Once the rabbits are used to the sight and smell of each other, start putting them together for very short periods of time in strictly neutral territory where neither has been before – try the bathroom, but not the actual bath! Make sure you put lots of distractions in with them, so three piles of hay, three piles of herbs, and a tunnel for example. Make sure there is nowhere that one rabbit can get backed into and trapped. It’s also important to make sure there is nothing on which they can injure themselves. You will need to be in this area with them. Make sure you’re wearing sturdy shoes (no open-toed sandals!) and have a towel with you in case you need to intervene and separate them. At the slightest sign of tension, separate the rabbits. Try again next day, gradually increasing the time the rabbits spend together. A little bit of chasing and nipping is normal, but it’s better to separate the rabbits too soon than risk an all-out fight.
Repeat this until the bunnies are relaxed in each other’s company. You can assist this process by feeding the rabbits together and providing lots of cardboard boxes and hidey holes so that they don’t have to stare at each other. Rabbits are very territorial and any competition for resources might cause tension so ensure you have at least two of everything – feeding station, water bowl, hidey hole – one for each rabbit.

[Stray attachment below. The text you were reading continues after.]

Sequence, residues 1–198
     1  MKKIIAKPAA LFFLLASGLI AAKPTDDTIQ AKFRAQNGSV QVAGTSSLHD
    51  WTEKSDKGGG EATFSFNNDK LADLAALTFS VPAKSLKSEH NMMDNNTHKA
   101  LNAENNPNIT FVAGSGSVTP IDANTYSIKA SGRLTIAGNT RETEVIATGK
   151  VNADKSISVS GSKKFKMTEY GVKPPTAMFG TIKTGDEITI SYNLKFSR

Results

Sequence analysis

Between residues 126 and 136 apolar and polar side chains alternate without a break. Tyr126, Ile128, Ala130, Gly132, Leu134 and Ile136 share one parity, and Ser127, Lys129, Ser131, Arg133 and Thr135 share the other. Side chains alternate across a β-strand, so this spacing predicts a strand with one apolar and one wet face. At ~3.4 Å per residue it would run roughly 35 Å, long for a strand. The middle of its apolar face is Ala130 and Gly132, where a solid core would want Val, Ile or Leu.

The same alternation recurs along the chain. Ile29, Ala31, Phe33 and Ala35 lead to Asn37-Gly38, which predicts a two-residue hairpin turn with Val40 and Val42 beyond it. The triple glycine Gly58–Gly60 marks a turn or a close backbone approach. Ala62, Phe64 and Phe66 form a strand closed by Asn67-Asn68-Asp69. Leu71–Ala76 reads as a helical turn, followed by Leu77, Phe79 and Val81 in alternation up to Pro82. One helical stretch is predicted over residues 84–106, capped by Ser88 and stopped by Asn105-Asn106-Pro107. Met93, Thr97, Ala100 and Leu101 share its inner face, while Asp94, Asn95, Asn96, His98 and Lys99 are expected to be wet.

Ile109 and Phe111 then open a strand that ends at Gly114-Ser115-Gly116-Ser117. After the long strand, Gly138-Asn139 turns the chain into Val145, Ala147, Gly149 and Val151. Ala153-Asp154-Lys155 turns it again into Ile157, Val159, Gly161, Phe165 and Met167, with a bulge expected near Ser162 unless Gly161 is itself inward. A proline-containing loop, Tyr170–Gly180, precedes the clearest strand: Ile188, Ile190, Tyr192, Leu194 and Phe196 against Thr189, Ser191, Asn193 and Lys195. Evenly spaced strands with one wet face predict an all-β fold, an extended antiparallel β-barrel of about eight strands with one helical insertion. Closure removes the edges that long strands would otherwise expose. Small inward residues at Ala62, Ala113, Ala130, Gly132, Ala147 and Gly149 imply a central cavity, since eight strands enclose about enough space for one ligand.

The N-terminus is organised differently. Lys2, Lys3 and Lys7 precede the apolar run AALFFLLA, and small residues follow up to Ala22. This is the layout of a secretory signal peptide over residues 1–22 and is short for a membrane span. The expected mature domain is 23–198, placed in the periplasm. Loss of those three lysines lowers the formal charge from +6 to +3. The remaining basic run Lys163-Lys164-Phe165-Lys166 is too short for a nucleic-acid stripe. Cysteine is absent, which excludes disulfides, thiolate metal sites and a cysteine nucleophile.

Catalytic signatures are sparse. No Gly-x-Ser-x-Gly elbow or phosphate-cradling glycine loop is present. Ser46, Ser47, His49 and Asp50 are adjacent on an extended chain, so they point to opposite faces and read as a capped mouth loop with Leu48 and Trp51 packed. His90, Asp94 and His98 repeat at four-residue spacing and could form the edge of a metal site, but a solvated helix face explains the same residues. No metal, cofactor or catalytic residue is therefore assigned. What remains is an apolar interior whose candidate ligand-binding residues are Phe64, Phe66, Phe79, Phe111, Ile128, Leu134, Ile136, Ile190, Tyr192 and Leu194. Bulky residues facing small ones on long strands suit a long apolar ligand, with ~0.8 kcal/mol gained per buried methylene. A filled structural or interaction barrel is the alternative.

When the rabbits are happy to groom each other and lie together, they can be left unsupervised together. The whole process can take anything from a couple of hours to a couple of months. The better the rabbits get on at their first meeting, the quicker they will bond. And if you are able to put the rabbits together for very brief periods every day, they’ll get used to each other far more quickly than if you do it less often.
It’s completely natural that one rabbit will be dominant over the other. It shouldn’t be in any way aggressive, though. There may be mounting, but it should be accepted by the less dominant rabbit. The subordinate rabbit shows its acceptance of the other’s dominance by licking it. The rabbit that puts its head down to be licked is claiming the top spot, and by licking it, the partner is accepting that the other rabbit is boss. If they do have a proper fight at any point, do not try to introduce them again. If this happens, get in touch with an expert for advice, but it might be that they will not be able to bond. The same is true for same-sex pairs that have previously lived together. We are often told about same-sex siblings that have started to fight when they have reached sexual maturity. The owners will at that point, have separated them and have them neutered. Sadly by this point, it is unlikely that they will ever be able to live together again.